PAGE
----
So, given all this the question has to be asked what benefit is gained from opening a permanent base in the West Indies? Arguably very little – it reduces flexibility, it increases costs and it doesn’t really give anything tangible in terms of capability gains but would come at the cost of increasing pressure on the stores chain and people side. Accordingly, while it sounds a fabulously seductive idea, opening a base in the West Indies would achieve little and do a great deal of damage to the Royal Navy across a range of areas, for no arguably no tangible operational difference. Far better to continue the current model that has worked well for decades, and which continues to deliver sea-power as required to help our friends and allies in the region.



Monday, 3 July 2017

Some Brief Thoughts on QUEEN ELIZABETH sailing.


If you are a follower of UK defence matters, then it seems to be traditional that you must be find a reason, any reason, to naysay and be downbeat about something good. The recent sailing of QUEEN ELIZABETH (QEC, and of course, not yet an HMS), is a good example of this. There were tweets and moans aplenty about an aircraft carrier supposedly without aircraft, about it being empty for years across a barren flight deck with tumbleweed and adrift deck hockey quoits the sole occupants, and of course that’s assuming a 17r old hacker hadn’t somehow taken charge of the ship using its SHOCK HORROR Windows XP system that’s not actually connected to the internet to somehow do something bad. This is without mentioning the near orgasmic levels of excitement the media wound themselves up into with the prospect of the vessel running into the side of the dockyard, or being stuck under the Forth Bridge.

In reality the opening days of the QE’s sea trials could not have gone better for the Royal Navy and the MOD. An outstandingly effective PR operation managed to secure a great deal of national media coverage of this event, and most of the main papers had photos of the ship at sea. Some highly astute programming ensured that a pair of Type 23 frigates and a pair of Merlin helicopters were immediately available to ostensibly provide cover, but arguably in reality provided the nation with several years of stock footage of British carrier groups at sea.  Within a couple of days the first landing was achieved, thus slaying the ‘but she’ll have no aircraft’ argument, and the internet is awash with glorious photos of the biggest warship ever built outside of the United State of America at sea. To top it all off, some sharply pointed jibes towards the Russians by the Secretary of State for Defence managed to elicit a strong reaction, suggesting the Bear is not as thick skinned as it wishes to portray itself to be.

What does this all say about the state of the RN today and what does it mean? In simple terms the sailing of QE was a very visible symbol of British commitment to global power projection, and a clear reminder of the willingness of the UK government to deploy force as required at great distance. In a time of Brexit and a supposed isolationist tendency, the existence of QE serves as a strong reminder of UK government intent to play a global role.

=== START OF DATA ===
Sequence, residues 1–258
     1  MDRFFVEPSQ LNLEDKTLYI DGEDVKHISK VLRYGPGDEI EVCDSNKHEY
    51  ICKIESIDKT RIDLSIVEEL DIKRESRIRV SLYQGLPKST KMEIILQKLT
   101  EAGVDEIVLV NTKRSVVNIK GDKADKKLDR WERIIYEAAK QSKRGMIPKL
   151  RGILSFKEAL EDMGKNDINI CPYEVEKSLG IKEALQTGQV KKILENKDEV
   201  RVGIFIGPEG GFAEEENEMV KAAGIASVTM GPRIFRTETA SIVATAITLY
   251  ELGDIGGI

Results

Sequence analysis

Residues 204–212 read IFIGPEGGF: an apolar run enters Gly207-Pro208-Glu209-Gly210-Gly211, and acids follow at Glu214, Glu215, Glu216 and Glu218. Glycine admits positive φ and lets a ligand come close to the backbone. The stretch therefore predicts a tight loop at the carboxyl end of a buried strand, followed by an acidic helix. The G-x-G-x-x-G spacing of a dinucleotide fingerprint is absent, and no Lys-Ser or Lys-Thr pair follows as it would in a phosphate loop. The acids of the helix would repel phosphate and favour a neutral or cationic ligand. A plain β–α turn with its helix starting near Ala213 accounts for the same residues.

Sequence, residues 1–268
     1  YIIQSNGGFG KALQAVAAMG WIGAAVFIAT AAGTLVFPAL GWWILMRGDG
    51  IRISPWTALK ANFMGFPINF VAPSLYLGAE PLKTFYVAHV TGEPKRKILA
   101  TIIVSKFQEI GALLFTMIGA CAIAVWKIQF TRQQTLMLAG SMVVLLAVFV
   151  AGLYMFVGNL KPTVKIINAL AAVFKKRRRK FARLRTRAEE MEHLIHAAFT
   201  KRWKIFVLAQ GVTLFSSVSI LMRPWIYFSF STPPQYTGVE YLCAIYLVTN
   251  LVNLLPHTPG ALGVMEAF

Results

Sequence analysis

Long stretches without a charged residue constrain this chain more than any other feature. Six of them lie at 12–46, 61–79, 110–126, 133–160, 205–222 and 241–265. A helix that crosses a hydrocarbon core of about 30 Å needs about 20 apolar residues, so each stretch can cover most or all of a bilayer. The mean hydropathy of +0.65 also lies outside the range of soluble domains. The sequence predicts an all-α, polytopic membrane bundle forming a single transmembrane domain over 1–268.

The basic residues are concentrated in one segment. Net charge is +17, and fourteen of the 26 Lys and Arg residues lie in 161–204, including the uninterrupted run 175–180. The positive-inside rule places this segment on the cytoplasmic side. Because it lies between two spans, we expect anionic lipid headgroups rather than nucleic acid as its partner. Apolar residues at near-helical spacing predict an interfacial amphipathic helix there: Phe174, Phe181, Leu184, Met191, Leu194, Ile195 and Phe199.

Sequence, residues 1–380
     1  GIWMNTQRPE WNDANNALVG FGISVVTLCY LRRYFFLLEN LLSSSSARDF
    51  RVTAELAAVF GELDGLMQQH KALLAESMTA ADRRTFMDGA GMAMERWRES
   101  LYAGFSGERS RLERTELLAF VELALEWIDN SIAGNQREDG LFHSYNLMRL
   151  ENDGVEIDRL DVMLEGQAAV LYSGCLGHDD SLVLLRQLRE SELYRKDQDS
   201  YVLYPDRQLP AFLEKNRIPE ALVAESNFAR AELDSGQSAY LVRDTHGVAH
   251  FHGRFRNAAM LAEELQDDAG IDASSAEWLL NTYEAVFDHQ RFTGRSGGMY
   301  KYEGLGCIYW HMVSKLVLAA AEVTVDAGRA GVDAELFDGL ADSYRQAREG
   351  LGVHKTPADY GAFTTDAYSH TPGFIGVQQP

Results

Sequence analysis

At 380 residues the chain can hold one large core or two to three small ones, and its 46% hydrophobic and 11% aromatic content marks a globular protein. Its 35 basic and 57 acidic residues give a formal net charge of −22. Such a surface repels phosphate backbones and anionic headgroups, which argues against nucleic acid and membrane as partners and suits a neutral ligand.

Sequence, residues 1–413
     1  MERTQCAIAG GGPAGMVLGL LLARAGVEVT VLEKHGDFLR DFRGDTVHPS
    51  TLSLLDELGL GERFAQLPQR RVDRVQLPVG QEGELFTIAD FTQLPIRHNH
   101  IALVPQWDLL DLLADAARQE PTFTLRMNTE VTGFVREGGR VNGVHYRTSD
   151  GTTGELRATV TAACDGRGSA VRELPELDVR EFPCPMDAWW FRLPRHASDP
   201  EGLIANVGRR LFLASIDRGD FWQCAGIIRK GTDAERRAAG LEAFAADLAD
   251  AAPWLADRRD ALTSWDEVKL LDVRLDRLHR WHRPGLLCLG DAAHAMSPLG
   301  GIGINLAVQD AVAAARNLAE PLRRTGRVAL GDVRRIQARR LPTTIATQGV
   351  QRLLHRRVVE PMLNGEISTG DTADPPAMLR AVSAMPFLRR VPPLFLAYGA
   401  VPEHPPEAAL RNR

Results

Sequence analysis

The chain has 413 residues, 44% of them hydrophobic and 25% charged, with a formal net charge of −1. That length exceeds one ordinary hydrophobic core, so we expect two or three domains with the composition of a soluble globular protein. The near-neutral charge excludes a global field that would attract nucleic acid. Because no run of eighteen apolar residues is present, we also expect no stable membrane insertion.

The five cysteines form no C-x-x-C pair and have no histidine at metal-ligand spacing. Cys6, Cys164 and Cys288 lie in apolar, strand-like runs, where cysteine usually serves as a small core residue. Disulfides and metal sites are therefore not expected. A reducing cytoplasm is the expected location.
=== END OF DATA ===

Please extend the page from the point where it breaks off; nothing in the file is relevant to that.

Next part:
The deployment highlights the sheer capability of UK shipbuilding and engineering prowess – it is all too easy to mock the UK engineering sector, but to build a pair of 70,000 tonne carriers and then follow that up with an SSN programme and begin an SSBN programme – all three of which are arguably the most complex engineering projects on the planet, is a hugely positive sign of how capable UK industry is. Very few other countries can complete just one, let alone all three, of these complex engineering projects. It is also worth considering that CVF represents a triumph of shipbuilding techniques, proving the concept of modular builds and offering a real solution to support smaller shipyards around the UK to remain in the construction business.

It is also an immensely positive advert for the quality of the RN personnel embarked, who have shown over weeks of media focus their pride, their professionalism and delight at being part of the QE. Ignore the ill informed rubbish about supposedly large numbers of people putting their notice in on some papers, this experience has highlighted just how good UK sailors are and how lucky we are to have people of this calibre prepared to serve their country.

On a wider note, this is a useful reminder for the UK to the US that it is serious about playing its part in supporting US navy carrier deployments. The USN has been exceptionally good to the RN for many years in supporting the pathway to regenerating a carrier capability – the sheer number of RN personnel deployed as pilots, flight deck crew and other roles on US carriers is astounding. The departure of QE from port shows that we are much closer to the reality of her working alongside her US cousins and likely relieving a CVN on station. The photos of USS EISENHOWER and HMS OCEAN together in the Gulf will almost certainly be replicated in the next few years with QE somewhere else. At a time when bonds are being tested globally, this is a strong message to send of continued commitment to a common operational output. It is reasonable to say that many in the USN will be viewing the deployment of QE and POW as their 11th and 12th CVBGs to help take the strain on a very overstretched US navy.

More widely this visible sign of capability will be seen by many allied navies as a reminder that the RN remains one of the worlds most capable and competent forces. It is likely that there will be many nations keen to secure a visit by QE over the next few years - helping boost UK defence engagement and wider policy goals, and helping visibly show UK commitment to our friends and allies.